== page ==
These all have different buffers, reagents and standards, so after choosing the appropriate kit, ensure that all the bits match up! In order to select the right kit for the DNA extraction that’s being quantified, it’s best to already have an idea about the expected concentration of the DNA, as if the measurements are “out of range”, they will have to be repeated with the correct kit (doubling the time and cost). This is where having already run the DNA out on an agarose gel is very helpful!
Although there is an option of using “stored standards”, always run your own standards. The previous user may not have pipetted very carefully, they may even have made errors in calculating how much buffer and reagent to put in their master mix.
For a very rough estimate of concentration, corners (and costs) can be cut by only taking one Qubit reading per DNA extraction. However, it is best to prepare two Qubit tubes from each sample – and then if there is any disagreement, to take yet another reading.
Continuing the mantra of the importance of the agarose gel in assessing DNA quality, we wouldn’t run a sample on the TapeStation until it has been run on an agarose gel. This helps select the appropriate kit, and also the appropriate amount of genomic DNA to load. We have two kits in stock, Genomic DNA ScreenTape, and High Sensitivity D1000 ScreenTape for fragmented DNA (e.g., post-digestion or post-sonication DNA from next-generation library preparations).
The recommended input range for the Genomic DNA ScreenTape is 1 μl of 10-100 ng/μl DNA. However, while this 1 μl of genomic DNA extraction is good for high quality extractions containing plenty of DNA, many of the extractions we make are from difficult material where the quantity of DNA is very low and/or it is highly degraded. Degraded DNA is made up of fragments of a huge range of sizes, and is thus spread across the length of the lane rather than being clumped in one place, so is far harder to visualise.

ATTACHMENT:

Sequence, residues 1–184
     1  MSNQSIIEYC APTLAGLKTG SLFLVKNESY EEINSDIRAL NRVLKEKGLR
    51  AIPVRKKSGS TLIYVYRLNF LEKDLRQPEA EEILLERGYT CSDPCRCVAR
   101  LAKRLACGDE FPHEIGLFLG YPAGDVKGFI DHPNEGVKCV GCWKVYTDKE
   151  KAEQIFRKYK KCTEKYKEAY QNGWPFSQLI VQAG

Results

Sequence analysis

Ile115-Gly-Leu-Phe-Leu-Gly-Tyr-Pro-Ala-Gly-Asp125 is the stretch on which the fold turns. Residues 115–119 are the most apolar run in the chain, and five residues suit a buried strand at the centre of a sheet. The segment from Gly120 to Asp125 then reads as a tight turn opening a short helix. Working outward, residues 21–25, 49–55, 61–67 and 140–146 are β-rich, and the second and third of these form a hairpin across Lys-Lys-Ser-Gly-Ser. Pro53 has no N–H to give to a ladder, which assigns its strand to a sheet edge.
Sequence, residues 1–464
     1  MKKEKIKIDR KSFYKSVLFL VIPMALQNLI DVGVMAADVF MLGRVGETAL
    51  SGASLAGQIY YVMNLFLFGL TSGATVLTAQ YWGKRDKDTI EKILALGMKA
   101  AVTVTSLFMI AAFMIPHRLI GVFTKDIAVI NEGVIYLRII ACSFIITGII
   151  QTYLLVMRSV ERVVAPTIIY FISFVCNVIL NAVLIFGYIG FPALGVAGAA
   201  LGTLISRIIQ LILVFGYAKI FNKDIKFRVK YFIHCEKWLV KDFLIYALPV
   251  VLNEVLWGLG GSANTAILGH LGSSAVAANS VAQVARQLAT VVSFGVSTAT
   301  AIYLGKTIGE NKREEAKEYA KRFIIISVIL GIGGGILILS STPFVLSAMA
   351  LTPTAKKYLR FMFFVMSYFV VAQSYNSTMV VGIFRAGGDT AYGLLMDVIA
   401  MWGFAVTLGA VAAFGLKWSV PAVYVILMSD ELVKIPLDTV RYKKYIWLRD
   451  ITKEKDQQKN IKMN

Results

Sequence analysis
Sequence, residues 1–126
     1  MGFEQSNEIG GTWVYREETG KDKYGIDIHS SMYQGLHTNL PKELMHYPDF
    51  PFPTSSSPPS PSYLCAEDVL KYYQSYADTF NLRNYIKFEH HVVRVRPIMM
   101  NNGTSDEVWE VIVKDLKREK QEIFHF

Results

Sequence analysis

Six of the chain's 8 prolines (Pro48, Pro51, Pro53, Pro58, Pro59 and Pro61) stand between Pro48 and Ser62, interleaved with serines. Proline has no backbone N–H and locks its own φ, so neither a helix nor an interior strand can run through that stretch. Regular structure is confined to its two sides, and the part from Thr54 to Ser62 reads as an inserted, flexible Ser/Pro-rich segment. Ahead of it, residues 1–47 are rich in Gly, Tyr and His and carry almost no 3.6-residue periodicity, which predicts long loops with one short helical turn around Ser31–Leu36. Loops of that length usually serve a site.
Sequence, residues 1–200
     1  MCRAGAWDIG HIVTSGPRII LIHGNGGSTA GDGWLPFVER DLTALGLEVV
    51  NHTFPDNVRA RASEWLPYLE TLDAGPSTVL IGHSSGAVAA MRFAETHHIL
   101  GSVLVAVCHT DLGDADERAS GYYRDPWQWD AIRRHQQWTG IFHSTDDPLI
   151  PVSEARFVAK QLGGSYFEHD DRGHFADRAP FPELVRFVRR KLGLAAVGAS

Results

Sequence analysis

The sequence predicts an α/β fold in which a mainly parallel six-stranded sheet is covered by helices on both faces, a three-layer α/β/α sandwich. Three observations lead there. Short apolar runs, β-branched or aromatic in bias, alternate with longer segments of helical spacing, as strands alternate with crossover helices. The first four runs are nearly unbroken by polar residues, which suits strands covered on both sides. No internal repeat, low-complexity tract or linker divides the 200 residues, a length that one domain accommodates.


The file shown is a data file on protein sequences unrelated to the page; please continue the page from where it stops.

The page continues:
Loading 2, 3 or even 4 μl instead might give a good TapeStation image (although it will invalidate any estimations of DNA concentration).
One metric that can be obtained from a Genomic DNA ScreenTape assay is a DNA Integrity Number (DIN). The highest numbers are issued to high concentration high molecular weight bands of DNA (like those from silica dried tissue samples in the image above), and the lowest to degraded smears. With the degraded DNA that tends to be extracted from herbarium specimens, it’s not uncommon for the machine not to recognise the DNA as genomic, and thus for no DIN to be given. Also, for extractions containing low quantities of DNA, a DIN might not be given; increasing the amount of DNA loaded on the Tape can result in a DIN being given to the sample.
The Genomic DNA ScreenTape kit places a single short size marker in each lane, highlighted with a green band in the image above. The High Sensitivity D1000 ScreenTape kit, on the other hand, contains two size markers, one short and one large. A large size marker is not possible for the Genomic kit, as it would overlap with any high molecular weight DNA.
With highly degraded herbarium DNA, it may be worth running the sample on the High Sensitivity D1000 ScreenTape, which works for DNA fragments of between 35 and 1000 base pairs. Because the kit is not designed for genomic DNA, the sample will not be given a DIN, but the DNA fragment size distribution information can be useful if trying to decide how best to prepare a next-generation sequencing library from the DNA, if it still contains some fragments that are long enough to require fragmentation.